What are Stem Cells and How Do They Work
Regenerative medicine may be the fastest growing, most exciting branch of medical research and development today. It is a newer type of research and treatment focused on replacing or regenerating human cells, tissues and ultimately, organs. This is an evolving field which represents a marked shift in medicine: the idea that it is possible to heal and restore function to damaged tissues and organs that previously were considered untreatable or were treatable via surgery and/or extensive medical procedures. In addition, it is hoped that Regenerative medicine will eventually eliminate the often overwhelming demand for organs available for transplant, which will then alleviate the serious issues of dealing with potential organ rejection created when a successful transplant actually takes place.
The human body is made up of many different types of cells, and most cells are specialized to perform particular functions: such as heart muscle cells, or brain cells or bone cells or blood cells. Red blood cells supply oxygen to all the tissues of the body and remove carbon dioxide from the tissue and take it back to the lungs. Stem cells, however, are basically the body’s raw materials: they are the cells from which all other cells with specialized functions are created. Stem cells, derived from a number of different sources, and stem cell therapy, are the main focus of today’s Regenerative medicine movement.
Under the right conditions, stem cells divide to form more cells, referred to as “daughter cells.” Daughter cells either become new stem cells or they become specialized cells with a more specific function. Stem cell reproduction provides new cells for the body as it grows, and replace specialized cells that are damaged or lost. Stem cells have two unique properties that enable them to do this: They can divide over and over again to produce new cells; and as they divide, they can differentiate and change into other types of cells that make up the body. No other cell in the body has the ability to generate new cell types.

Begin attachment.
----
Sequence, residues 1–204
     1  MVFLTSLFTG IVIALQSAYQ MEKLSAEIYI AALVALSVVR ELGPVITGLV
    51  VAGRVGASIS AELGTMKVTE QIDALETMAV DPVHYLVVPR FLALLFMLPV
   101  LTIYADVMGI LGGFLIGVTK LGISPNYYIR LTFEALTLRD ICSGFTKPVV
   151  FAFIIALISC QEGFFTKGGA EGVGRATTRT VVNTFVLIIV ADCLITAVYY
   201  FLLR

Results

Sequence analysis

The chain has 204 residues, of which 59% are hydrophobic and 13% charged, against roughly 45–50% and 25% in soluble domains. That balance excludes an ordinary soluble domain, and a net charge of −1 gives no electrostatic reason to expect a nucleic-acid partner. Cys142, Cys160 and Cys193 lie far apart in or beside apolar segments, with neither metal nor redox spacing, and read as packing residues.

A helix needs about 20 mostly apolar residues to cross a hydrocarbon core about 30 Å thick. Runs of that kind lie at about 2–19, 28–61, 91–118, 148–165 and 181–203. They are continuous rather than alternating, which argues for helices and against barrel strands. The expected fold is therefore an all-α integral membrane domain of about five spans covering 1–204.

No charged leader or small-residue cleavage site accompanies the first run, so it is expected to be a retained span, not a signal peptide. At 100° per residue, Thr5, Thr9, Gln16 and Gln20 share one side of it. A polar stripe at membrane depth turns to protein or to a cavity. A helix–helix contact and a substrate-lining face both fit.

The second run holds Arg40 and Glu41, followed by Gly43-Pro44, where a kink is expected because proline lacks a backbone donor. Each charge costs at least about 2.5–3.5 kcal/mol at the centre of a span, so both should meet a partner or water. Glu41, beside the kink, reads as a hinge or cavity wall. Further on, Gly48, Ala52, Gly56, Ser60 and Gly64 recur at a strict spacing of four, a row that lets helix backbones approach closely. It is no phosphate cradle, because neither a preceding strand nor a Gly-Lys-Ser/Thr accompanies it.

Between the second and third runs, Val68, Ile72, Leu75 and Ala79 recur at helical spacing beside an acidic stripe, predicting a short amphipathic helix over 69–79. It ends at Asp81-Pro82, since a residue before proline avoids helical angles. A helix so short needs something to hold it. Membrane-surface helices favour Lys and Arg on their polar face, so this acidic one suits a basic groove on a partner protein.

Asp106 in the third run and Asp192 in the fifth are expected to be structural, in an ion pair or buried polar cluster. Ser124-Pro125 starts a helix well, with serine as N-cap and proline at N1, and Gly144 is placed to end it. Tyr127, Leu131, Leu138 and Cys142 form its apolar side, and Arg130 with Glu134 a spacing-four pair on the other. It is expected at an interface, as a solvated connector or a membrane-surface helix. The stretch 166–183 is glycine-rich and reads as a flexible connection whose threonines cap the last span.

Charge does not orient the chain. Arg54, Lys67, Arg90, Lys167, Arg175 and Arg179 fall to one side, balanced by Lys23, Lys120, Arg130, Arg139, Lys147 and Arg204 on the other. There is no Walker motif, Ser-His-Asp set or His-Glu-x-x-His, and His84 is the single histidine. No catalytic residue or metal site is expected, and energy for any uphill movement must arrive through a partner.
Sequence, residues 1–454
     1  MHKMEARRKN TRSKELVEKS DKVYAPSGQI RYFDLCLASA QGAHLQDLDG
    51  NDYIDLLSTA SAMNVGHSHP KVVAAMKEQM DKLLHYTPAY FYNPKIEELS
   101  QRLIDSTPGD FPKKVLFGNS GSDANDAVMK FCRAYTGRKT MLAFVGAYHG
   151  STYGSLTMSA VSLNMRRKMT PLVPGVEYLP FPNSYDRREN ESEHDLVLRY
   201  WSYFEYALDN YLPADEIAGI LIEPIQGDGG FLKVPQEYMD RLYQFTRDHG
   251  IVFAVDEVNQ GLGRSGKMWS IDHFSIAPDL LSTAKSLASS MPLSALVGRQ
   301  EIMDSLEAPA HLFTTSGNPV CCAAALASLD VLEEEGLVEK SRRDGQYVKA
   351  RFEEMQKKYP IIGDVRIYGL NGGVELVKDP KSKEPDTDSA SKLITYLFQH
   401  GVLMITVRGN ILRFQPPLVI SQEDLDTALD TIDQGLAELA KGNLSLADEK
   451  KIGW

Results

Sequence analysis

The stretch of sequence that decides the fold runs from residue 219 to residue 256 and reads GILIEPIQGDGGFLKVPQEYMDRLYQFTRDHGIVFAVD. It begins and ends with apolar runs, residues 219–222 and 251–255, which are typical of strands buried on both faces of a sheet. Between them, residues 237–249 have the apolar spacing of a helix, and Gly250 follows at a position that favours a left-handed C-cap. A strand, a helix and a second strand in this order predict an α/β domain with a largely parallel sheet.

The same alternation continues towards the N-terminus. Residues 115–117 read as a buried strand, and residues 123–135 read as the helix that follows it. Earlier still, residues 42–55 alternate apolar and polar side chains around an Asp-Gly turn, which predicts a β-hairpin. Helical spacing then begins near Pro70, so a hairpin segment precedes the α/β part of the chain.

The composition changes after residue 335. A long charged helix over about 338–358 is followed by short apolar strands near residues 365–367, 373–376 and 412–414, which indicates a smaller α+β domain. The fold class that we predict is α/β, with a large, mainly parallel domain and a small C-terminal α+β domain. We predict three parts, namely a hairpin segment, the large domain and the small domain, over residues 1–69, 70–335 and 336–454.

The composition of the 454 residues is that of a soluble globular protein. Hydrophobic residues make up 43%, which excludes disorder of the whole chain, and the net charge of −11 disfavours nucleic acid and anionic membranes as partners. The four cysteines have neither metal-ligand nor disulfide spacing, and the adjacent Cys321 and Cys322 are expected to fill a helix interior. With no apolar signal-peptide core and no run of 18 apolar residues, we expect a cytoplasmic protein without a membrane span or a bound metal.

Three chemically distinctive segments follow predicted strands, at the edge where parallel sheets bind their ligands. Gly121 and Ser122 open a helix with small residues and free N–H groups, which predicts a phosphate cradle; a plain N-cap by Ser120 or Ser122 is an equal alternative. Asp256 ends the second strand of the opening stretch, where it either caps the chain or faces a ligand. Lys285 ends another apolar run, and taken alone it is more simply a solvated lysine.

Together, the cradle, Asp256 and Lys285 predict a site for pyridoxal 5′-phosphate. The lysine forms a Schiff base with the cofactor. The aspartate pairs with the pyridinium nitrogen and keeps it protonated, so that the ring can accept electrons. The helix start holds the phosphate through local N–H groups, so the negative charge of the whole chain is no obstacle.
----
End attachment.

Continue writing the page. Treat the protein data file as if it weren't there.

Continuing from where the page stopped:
There are three main types of stem cell: embryonic stem cells, adult stem cells and induced pluripotent stem cells.
Embryonic stem cells are stem cells derived from the undifferentiated inner mass cells of the earliest stages of a human embryo, called the embryonic blastocyst. Embryonic stem cells supply new cells for an embryo as it grows and eventually develops into a baby. These stem cells are said to be pluripotent, which means they can grow, or “differentiate” into any type of cell in the body.
Adult stem cells supply new cells as an organism grows and replace cells that get damaged. These stem cells are said to be multipotent, which means they can only differentiate into some cells in the body, not any cell, for example: Blood (or ‘haematopoietic’) stem cells can only replace the various types of cells in the blood. Skin (or ‘epithelial’) stem cells provide the different types of cells that make up our skin and hair.
Induced pluripotent stem cells (‘iPS cells’) are stem cells that scientists create in the laboratory by taking normal adult cells, generally skin or blood cells, and reprogram them back into an embryonic-like state to become stem cells. Reprogramming happens when scientists “switch on” the signaling genes that tell a stem cell to remain in its embryo state, and “switch off” genes that signal the cells to become specialized. Just like embryonic stem cells, they are pluripotent so they can develop into any cell type, enabling the development of an unlimited source of any type of human cell needed for therapeutic purposes. Eventually, induced pluripotent stem cells generated from a patient in need of an organ transplant could be used to grow new organs that would have a lower risk of being rejected, since the immune system would not be alerted to the presence of foreign tissue.